The UK manufacturing sector continued its solid start to the year, despite falling to a three-month low in February, figures showed yesterday.
Markit's manufacturing PMI fell to 54.6 in February, down from 55.9 in January. As any number above 50 on the index indicates growth, this is still a solid number despite missing analysts' expectations of 55.6. The main reason for the growth was "solid growth of production and new orders during February", bearing in mind that the figure was well above the sector's long-term average of 51.6. While the weaker Pound is boosting demand for UK products, input costs have also risen and this limits the extent to which many exporters are able to pass on the benefits.
Yesterday, the House of Lords held its second day of detailed debate on legislation which would give Prime Minister Theresa May the power to begin divorce talks, as she plans to do by the end of March.
Opposition parties in the Lords, where the ruling Conservatives do not have a majority, say they have enough support to pass an amendment to the legislation to include a guarantee on the post-Brexit rights of EU citizens currently living in Britain. Ministers say that the status of EU residents will be a priority once Brexit talks begin, but opposition peers want a unilateral guarantee about their right to stay.
Any changes made in the Lords would need to be approved by the lower house, the House of Commons, which last month passed the legislation without attaching any conditions, and this may prolong a process May has indicated she wants completed quickly.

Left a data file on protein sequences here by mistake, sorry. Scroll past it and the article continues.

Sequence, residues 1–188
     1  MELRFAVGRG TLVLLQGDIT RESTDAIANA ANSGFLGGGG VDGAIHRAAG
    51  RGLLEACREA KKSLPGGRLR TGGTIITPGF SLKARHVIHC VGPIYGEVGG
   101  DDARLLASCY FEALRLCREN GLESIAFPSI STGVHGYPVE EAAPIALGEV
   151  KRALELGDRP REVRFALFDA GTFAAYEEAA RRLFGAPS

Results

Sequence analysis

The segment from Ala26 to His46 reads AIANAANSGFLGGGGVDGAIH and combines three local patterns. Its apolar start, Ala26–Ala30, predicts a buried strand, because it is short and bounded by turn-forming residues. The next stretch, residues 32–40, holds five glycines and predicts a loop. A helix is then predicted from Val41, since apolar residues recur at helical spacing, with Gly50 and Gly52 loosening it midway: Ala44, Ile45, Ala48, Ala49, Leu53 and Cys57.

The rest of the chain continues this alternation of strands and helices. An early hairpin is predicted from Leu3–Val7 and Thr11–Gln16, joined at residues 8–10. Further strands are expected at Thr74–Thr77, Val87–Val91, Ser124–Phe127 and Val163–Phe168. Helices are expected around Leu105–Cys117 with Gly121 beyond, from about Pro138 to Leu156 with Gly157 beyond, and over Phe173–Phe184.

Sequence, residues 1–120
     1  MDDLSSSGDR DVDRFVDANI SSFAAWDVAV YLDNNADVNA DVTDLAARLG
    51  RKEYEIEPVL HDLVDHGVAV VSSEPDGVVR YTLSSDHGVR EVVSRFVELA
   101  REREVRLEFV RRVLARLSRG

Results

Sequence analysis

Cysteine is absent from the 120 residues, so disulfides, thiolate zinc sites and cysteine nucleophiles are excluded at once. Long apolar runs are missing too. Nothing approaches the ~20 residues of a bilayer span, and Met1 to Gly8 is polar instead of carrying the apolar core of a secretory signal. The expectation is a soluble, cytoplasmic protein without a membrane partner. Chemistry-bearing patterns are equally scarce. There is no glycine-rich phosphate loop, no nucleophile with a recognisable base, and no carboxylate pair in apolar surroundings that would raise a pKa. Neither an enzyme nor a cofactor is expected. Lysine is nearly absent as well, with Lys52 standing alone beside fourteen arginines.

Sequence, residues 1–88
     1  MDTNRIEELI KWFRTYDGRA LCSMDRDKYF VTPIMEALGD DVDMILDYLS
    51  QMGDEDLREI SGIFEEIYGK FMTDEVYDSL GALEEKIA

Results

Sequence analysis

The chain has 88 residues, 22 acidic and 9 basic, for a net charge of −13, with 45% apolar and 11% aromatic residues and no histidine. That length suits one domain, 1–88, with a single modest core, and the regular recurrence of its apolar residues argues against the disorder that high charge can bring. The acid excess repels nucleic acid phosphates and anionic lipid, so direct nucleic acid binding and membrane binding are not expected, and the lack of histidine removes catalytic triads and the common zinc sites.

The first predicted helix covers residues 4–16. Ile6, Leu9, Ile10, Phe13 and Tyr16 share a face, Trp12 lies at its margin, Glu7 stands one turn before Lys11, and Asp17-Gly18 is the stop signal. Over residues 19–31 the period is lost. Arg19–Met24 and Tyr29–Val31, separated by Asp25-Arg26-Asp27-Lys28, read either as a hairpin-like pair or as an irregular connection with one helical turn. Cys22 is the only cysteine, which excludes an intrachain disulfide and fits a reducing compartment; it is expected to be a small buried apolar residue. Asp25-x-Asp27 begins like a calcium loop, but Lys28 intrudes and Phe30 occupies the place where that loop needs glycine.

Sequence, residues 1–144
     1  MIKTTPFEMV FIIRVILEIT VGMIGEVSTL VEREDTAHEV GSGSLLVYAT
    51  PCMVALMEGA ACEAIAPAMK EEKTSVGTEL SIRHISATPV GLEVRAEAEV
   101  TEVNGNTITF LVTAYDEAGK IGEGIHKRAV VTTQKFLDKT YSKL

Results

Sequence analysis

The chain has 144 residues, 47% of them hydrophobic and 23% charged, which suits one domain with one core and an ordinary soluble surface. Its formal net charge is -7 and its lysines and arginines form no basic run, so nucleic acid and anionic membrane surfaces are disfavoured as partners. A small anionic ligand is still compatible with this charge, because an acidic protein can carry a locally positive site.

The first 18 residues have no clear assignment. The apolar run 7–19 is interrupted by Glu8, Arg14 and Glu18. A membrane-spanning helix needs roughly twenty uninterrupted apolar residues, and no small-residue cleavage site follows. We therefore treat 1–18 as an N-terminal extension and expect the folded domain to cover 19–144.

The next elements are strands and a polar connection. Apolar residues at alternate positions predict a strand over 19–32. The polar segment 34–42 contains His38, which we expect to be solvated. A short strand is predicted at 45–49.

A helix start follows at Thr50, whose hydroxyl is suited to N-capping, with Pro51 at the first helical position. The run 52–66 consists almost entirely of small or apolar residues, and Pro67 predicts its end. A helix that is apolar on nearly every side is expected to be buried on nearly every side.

Investors increasingly believe that a U.S. interest rate hike will come sooner rather than later, with a 66.4% probability of a March hike now priced in. In a strong signal, one of the most influential U.S. central bankers, New York Fed President William Dudley said this week that the case for tightening monetary policy had become "a lot more compelling", while San Francisco Fed President John Williams said he saw "no need to delay" raising rates. These comments have overshadowed President Donald Trump's Tuesday night speech to Congress.
French stocks were boosted after controversial right-wing French presidential candidate Francois Fillon confirmed that he intends to remain in the race. The decision could strengthen the position of centrist Emmanuel Macron - who, polls show, would beat far-right anti-EU leader Marine Le Pen.
09:30 – GBP - Construction PMI, expected to remain the unchanged at 52.2
13:30 – USD - Unemployment Claims, expected at 243K against a previous 244K